B is for Building Science

—a field of knowledge that draws upon physics, chemistry, engineering, architecture, and the life sciences. Understanding the physical behavior of buildings as systems and how this impacts energy efficiency, durability, comfort and indoor air quality is essential to high-performance buildings. Building Science works with numerical models to apply empirical findings to the effective solution of design problems.
More specifically, contemporary building science is a broad discipline that is concerned with the full life cycle of buildings, including: policy (codes and standards); planning; design; construction; commissioning; facilities management; forensics and rehabilitation; restoration and retrofit; preservation and conservation; demolition (deconstruction) and recycling.
Innovation, in this context, is not a trial and error process that relies on gradually refining past precedents. Typically it presents a significant departure from normative practices and relies on the scientific method to advance an agenda. Modern Building Science is born of integration and innovation.

A is for Affordabale

What Size should a house be? What is the sweet spot for square feet, under roof, per person? These are not academic questions. Buildings may be measured in square feet, but they perform in cubic feet. An increase of 50% in plan can nearly double of the volume of a structure. That translates into two times the construction waste, the mechanical systems, the energy footprint, etc. Clearly smaller is better but how small is too small? If you have an opinion, please share it.

Perry, Mark. Today's new homes are 1,000 square feet larger than in 1973, and average living space per person has doubled. American Enterprise Institute, 2015.
Available from www.aei.org .

Adler, Margot. Behind the Ever-Expanding American Dream House. NPR, 2006. Accessed. Available from www.npr.org

Data not Dogma

How to build a house that reflects our role as stewards of the planet? These pages are an episodic mash-up of graphics, quotes, random thoughts and web links that are informing our architectural decisions.

This particular inquiry began on the heals of the UN meeting on climate change in 2015. For that initiative to succeed we must all become, in some measure, climate scientists. A tall order? Not so much. We have found all one needs to do is pay attention, keep an open mind, be willing to investigate and share the findings. It is in this spirit that we offer this abecedarium on energy efficient building titled: DATA not DOGMA.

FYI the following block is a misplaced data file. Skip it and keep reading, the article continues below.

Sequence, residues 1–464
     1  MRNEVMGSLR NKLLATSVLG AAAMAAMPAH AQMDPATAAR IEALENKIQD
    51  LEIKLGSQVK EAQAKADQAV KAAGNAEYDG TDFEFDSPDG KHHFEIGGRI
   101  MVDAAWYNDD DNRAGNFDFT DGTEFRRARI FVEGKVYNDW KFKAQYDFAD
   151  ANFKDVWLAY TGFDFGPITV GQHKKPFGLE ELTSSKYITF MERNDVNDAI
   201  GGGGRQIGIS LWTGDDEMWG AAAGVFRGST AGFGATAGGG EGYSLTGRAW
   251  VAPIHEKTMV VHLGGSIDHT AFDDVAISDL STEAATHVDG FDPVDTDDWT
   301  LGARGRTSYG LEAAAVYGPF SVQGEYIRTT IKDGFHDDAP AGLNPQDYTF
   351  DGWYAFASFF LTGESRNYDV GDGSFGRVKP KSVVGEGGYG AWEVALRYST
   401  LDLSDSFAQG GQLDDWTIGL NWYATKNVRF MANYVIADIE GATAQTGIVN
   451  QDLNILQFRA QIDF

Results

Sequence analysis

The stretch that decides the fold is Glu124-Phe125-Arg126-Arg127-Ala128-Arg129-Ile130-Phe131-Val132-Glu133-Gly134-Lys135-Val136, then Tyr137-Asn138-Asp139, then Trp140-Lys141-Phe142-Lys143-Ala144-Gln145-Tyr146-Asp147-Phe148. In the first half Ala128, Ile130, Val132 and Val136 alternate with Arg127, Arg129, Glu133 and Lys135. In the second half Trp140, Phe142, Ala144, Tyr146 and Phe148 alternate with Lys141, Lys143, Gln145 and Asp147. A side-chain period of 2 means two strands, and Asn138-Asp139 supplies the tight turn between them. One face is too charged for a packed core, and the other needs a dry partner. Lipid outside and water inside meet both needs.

Much of the research is original to other sites online. Read it, as you will—in one setting or contact us for a print version—a year's worth of observations, quotes and graphical information.


10.2.2017 High Performance Building Beyond Green

High Performance Building: Beyond Green reesWn2015.8 HPB outline

by j.m.rees

What is High Performance Building (HPB) and why is it important?
Why is HPB important?
31% of energy consumed in America in 2013 was consumed by homes.
It is anticipated that by 2030, 100% of new residential construction will be required to be ZEN
Net Energy Neutral (or Zero Energy Home, ZEH)
Over the course of one year the structure generates (and stores) as much energy as it consumes.
In residential construction 6 areas of technician training and technological innovation are required to
realize the goals of ZEH.
Envelope Systems
Space Conditioning/HVAC Systems
Lighting, Appliances, and Miscellaneous Electrical Systems
Hot Water Systems
Energy Storage Systems
Community-Scale energy Systems

There is no SILVER BULLET to realize the goals of ZEH because there is no single
type/code/spec for HPB. It is by necessity Highly Local and driven by National Standards.
Dependent on:
Local Climate
our Climate Zone(s): Mixed-Humid; bordering Cold, transitioning to Mixed-Dry
Local Materials / Manufacturing
Local trades sophistication
Local consumer acceptance
Support of local Government/Financial communities
Absence of obstruction by local utilities

Consumer acceptance
In short, there are lots of moving parts
A framework for the interaction of the Moving Parts
E ENERGY Consumption
H Occupant HEALTH and Well Being
L LONGEVITY of the Building Elements and Systems
From the Point of View of initial Architectural Design EHL Matrix might look like:
ZEH Chemically Neutral 100 Year Envelope
Expected / conventional response to the challenge of ZEH
as a benchmark: R-30 walls R-50 roofs
(R is resistance to temperature differential between the inside and outside of a structure)

Build the way we are currently building – only better – applying the principles of HPB
i.e. “Fat,” wood frame walls that are super insulated.
[describe a typical example while showing a graphic of wall assembly]
this style of construction requires 7 subs and 9 material product suppliers to complete.
(remember we are only as good as our worst sub-contractors worst employee)

Re-thinking the problem:
Masonry Construction
E more energy efficient
H more natural materials
L greater longevity
But, masons are expensive and it is hard to make a brick or block masonry house cost-neutral
define: cost neutral
And there is a masonry alternative to brick and block: Cast-in-place (CIP) Concrete
we can build a concrete cavity wall envelope with stunning efficiency
using only 3 sub contractors and 4 site delivered products.
Substituting Cellular Lightweight Concrete (CLC) for (XPS) insulation, etc.


Further Elaborations: [Be Prepared to address all the sub headings under “Silver Bullet” above]
Addressing: Cost Neutrality of concrete construction
Addressing: Carbon footprint of concrete
Addressing: National standards / Local Codes
think globally; act locally
Addressing Financing
an appraisal issue
<everything in this column has a dwell slide>
<indented is what should be touched upon regarding that particular discussion point>